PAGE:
What is an EPQ?
An EPQ is an opportunity for you to undertake a piece of independent research, guided by tutors.
Your project can be chosen from four types:
The research is presented in the form of an extended essay of 5000-6000 words in length.
You will carry out research study based on an aspect of psychology and presents this in a report of 4000-5000 words in length. Teaching of research methods and additional support will be given in psychology lessons so you must be doing A Level psychology to choose this option.
You will develop a performance for an audience, using your research to select and evaluate prospective material and techniques. Your performance is recorded and submitted to the examiner, accompanied by a written report of 1500-3000 words. You don’t need to be studying A Level/BTEC performance to choose this option.
You will use your research to develop, build and evaluate a physical artefact, such as a sculpture, engineering model etc. Photographs of the finished artefact will be submitted to the examiner, accompanied by a written report of 1500-3000 words.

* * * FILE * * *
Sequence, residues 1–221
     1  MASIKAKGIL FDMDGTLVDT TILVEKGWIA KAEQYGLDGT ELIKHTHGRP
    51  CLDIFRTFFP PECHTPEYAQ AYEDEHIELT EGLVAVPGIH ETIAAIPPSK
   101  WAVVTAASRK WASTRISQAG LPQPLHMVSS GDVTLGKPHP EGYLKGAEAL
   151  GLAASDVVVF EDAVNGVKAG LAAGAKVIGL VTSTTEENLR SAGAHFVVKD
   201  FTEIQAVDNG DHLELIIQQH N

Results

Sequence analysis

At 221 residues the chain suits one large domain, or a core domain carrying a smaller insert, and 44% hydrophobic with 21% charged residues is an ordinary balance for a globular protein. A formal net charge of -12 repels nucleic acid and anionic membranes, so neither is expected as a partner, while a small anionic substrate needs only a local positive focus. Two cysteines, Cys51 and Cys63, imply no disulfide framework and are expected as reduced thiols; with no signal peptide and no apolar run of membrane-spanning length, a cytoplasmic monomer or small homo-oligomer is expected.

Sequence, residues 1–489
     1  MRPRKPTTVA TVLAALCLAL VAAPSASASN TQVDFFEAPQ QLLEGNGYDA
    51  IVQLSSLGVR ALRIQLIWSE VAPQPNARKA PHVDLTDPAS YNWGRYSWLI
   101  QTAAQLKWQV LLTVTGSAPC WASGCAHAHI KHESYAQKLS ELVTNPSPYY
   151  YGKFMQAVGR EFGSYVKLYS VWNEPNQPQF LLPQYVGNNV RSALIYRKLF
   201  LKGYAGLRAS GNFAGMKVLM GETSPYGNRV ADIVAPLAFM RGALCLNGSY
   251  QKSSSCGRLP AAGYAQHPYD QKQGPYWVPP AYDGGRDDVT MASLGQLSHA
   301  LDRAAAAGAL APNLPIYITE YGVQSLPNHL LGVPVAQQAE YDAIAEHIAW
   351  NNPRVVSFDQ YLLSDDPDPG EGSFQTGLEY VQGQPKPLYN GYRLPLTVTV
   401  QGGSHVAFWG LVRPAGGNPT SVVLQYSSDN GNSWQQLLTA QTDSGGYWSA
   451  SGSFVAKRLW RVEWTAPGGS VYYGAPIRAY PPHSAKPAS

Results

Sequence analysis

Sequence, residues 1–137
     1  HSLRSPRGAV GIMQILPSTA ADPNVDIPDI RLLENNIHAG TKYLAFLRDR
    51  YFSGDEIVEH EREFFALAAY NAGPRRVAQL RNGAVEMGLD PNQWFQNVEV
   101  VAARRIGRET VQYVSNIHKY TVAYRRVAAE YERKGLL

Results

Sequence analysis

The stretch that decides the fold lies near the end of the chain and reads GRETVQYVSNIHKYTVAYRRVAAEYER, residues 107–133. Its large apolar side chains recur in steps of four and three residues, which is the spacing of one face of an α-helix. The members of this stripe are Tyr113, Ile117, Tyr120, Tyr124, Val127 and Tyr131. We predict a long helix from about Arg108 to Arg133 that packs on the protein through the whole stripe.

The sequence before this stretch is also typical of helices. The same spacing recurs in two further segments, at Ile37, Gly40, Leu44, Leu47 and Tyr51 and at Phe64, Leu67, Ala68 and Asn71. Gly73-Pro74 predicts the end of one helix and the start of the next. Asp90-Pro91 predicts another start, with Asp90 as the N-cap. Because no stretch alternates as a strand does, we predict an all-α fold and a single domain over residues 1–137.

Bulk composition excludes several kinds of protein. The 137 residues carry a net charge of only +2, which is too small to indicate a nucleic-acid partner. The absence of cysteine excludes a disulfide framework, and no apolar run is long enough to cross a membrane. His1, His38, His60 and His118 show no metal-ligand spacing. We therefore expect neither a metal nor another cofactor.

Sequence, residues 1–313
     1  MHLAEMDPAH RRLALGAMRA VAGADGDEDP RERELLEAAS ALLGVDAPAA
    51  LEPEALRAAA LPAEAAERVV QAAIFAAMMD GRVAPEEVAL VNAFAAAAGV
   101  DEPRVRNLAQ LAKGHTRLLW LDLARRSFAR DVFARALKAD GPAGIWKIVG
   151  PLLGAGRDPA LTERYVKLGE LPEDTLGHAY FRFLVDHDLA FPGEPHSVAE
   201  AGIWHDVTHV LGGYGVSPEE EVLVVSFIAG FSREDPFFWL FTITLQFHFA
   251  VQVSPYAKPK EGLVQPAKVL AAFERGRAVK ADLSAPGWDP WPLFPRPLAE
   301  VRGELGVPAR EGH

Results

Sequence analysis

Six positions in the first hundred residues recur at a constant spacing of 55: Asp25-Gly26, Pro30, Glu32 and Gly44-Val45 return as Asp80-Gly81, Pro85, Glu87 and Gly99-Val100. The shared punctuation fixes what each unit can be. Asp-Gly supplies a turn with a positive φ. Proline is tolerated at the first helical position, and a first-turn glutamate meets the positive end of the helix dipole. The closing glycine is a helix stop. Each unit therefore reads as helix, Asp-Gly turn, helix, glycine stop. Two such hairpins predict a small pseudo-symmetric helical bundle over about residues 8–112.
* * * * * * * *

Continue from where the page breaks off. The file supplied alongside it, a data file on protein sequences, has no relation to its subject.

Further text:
Why should I do it?
EPQ demonstrates your ability to work independently, your willingness to expand your knowledge in an area of interest and your mastery of many of the skills necessary for success in Higher Education, training or employment. Due to this it is valued by universities, work based training and employers.
The EPQ gives you another topic to discuss on your personal statement, particularly if your project relates to you choice of career or course at university. However, you do not have to choose an EPQ that relates directly to your later studies.
EPQ is worth UCAS points, which will support an application to university. Each EPQ grade is awarded 50% of the UCAS points awarded to that same grade A Level. This is higher than AS grades which are awarded 40%, so a grade in EPQ will gain more UCAS points than the same grade at AS.
How am I assessed? Although marks in EPQ are awarded for the final product (essay, investigation, performance or artefact), the majority of the marks are awarded for how you have gone about developing, presenting and evaluating your work. Throughout this process you will be supported by a tutor who will work with you closely, often on an individual basis. Your tutor will help you follow your own interests and develop skills that will support both your other sixth form studies and your transition from school in to higher education or employment.